National Geographic : 1967 Feb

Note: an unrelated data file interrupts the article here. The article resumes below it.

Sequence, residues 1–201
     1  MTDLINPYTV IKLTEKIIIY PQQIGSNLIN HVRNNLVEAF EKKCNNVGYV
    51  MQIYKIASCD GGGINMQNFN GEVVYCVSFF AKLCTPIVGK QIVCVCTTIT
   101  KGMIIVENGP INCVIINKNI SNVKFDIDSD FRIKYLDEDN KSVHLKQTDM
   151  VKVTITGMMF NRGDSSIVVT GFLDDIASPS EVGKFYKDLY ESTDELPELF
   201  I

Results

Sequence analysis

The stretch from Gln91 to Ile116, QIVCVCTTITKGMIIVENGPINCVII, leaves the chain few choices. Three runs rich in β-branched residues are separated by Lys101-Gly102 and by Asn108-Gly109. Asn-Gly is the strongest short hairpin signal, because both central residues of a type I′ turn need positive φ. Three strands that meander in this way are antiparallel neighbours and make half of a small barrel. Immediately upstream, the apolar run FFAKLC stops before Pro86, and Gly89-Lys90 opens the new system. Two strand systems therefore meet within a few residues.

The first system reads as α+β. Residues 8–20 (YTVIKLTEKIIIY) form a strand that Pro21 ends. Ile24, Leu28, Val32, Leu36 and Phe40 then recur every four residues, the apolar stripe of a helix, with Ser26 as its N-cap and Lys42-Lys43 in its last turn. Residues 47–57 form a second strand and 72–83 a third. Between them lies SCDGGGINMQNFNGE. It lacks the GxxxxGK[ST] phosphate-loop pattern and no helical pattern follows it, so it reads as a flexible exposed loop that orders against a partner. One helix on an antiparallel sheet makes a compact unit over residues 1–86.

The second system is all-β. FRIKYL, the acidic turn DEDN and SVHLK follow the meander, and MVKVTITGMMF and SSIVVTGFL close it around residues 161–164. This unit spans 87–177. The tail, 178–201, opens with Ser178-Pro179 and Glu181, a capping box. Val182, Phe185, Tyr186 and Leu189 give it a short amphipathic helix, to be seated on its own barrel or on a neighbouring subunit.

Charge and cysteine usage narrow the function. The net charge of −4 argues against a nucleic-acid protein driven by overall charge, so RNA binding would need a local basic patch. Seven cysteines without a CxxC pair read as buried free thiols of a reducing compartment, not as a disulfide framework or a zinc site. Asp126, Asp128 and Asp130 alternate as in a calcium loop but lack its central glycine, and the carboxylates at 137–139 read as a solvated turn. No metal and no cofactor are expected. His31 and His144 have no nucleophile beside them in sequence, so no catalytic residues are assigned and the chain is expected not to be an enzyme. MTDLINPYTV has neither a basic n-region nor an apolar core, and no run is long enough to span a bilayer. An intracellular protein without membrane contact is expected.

Potpourri of pleasures served up by the Bahamas: Skindiver skims the clutch ing hand of a staghorn coral as he explores an iridescent realm near Grand Bahama Island that swarms with tropical fish and harbors sunken treasure. A More of Sea Than of Land: By CARLETON MITCHELL Photographs IN THE MOONLIGHT ASTERN, Gulf Stream seas loomed as rolling silver hil locks. Ahead, a beacon glimmered every ten seconds above a low silhouette of rock. Nearer, through the whine of wind in the rig ging and the slap of crests against Finisterre's hull, sounded the boom of surf. My three-man crew crouched on deck. Tom Fletcher was forward with a flashlight. Fred LaDrew stood by the main sheet. Dawson Pinder, our cook, watched anxiously as the tender towing behind us threatened to tobog gan down a wave into our cockpit. The circle of light played on jagged lime stone not much more than two boat lengths ahead. "Now!" I shouted to Tom. Grinding the wheel hard over, I jibed to parallel the coast. I had to keep within a few yards, for close offshore lay a sunken coral reef. Coming to a jutting point, we jibed again. Miraculously the sea smoothed. By passing through Gun Cay Cut, we had crossed from the Gulf Stream to the Great Bahama Bank, a vast sandy plateau, much of it less than 12 feet below the surface. Many such cuts exist; 218 entering them requires local knowledge and, Battling bonefish, taken off Andros Island, challenges sportsmen as salt water's "fight ingest" fish, pound for pound.